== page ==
New Documentary on PBS Looks at Life of Journalist Ruben Salazar

New Documentary on PBS Looks at Life of Journalist Ruben Salazar

Ruben Salazar, perhaps the best known Chicano journalist of the last half of the 20th Century, was a man caught in the middle of opposing forces suggests a new documentary to be shown on April 29 on PBS.

Directed by Phillip Rodriguez, the documentary Ruben Salazar: Man in the Middle contains never before seen footage and interviews with family, friends and colleagues of Salazar who was killed during the anti-war Chicano Moratorium in East Los Angeles on August 29, 1970.

“He got caught up in a time of social change and it altered his project and his life and it impacted the way he died,” said Rodriguez during a telephone interview.

While taking a break from covering the 30,000-strong protest for KMEX-TV, Salazar was struck in the head at the Silver Dollar Café by a tear gas projectile fired by a Los Angeles County deputy sheriff.

The deputy, seen here on camera, was never charged but the documentary suggests that Salazar had made prior comments to a friend that he was being tailed or followed.

After his death Salazar became a national martyr for Mexican Americans, a role Salazar would have rejected, says Rodriguez.

“The Chicanos saw him as a martyr because they needed one but I am not sure Ruben would have agreed with that characterization,” said Rodriguez, “He was not an activist, he was a journalist, he was an observer with an opinion, and I don’t think he was looking to die.”

Former Chicano activists, Latino journalists and historians will find this documentary interesting in that it gives a new angle to the story of Salazar, who was born in Ciudad Juarez in 1928 and grew up in El Paso, Texas.

After a stint in the military service, Salazar joined the El Paso Herald Post as a young cub reporter where he honed his journalistic skills. While working there Salazar made himself get arrested on a drunken charge in order to expose conditions then at the El Paso County Jail. His story made the front page.

By the start of the 1960s Salazar had moved to California where he landed a job at the prestigious Los Angeles Times. As the only Mexican reporter at a work place with close to one hundred writers and reporters, Salazar fought his way up the ladder of the newspaper.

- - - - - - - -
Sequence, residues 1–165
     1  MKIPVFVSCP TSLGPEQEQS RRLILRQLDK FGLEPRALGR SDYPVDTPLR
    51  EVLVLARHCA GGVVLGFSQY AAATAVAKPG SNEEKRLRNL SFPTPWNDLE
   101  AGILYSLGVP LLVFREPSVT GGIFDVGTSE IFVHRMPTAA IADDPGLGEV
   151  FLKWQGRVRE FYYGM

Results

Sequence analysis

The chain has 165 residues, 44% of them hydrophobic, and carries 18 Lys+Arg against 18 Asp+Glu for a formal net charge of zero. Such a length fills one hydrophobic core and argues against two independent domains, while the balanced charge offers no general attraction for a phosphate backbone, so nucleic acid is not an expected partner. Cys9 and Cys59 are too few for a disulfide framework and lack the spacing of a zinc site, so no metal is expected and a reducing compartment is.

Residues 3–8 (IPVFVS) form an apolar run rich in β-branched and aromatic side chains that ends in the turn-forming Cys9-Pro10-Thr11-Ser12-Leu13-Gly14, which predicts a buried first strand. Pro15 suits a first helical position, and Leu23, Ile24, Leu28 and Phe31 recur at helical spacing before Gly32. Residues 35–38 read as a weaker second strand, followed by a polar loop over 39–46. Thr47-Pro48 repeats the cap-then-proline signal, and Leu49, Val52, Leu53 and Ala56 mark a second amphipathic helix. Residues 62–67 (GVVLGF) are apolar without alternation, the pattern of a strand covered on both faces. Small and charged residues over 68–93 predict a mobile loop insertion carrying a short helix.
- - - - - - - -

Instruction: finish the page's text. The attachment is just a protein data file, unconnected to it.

Years later he became a Vietnam War correspondent and later also covered the Dominican Republic before becoming the Mexico City bureau chief for the LA Times.

But soon the black and brown rebellion of the 1960s caught everyone by surprise and Salazar was called back to Los Angeles to help his newspaper explain the Chicano uprising known as the Chicano Movement.

At the height of his career, he left the LA Times to become news director of KMEX-TV, a Spanish-language station, while remaining a part-time columnist for the LA Times.

It was during this time that he gave voice to the dreams, aspirations and struggles of the Chicanos of East Los Angeles and also caught the attention of the police who were not used to having a mainstream journalist raise issues and concerns about how they dealt with this minority group.

“One could argue that Ruben crossed the line as a journalist but again you have to remember that he was doing what others were doing which was becoming more swept up in the ideology and ferment of the period which was one of discontent and challenge to authority,” said Rodriguez.

By all standards, says the documentary, Salazar was already a successful professional who had all the status symbols of white society. He had married an Anglo woman and lived with his family in an affluent white suburb of Los Angeles.

However, it appears that his close contact with the East Los Angeles barrio and the many issues then affecting Mexican Americans may have led him to become a spokesman, not a distant observer of the Chicano Movement. He was caught between the Chicano militants who distrusted him at first and the power structure who was irritated by his news reports.

In the aftermath of his death (accidental or otherwise), he became a Chicano martyr something that is still evident today by the large number of schools, parks and streets that bear his name. One school in Chicago is named after him.

Mark it down on your calendar. Check local listings for the time.

Antonio Zavala. Journalist, lives in Pilsen, Chicago.

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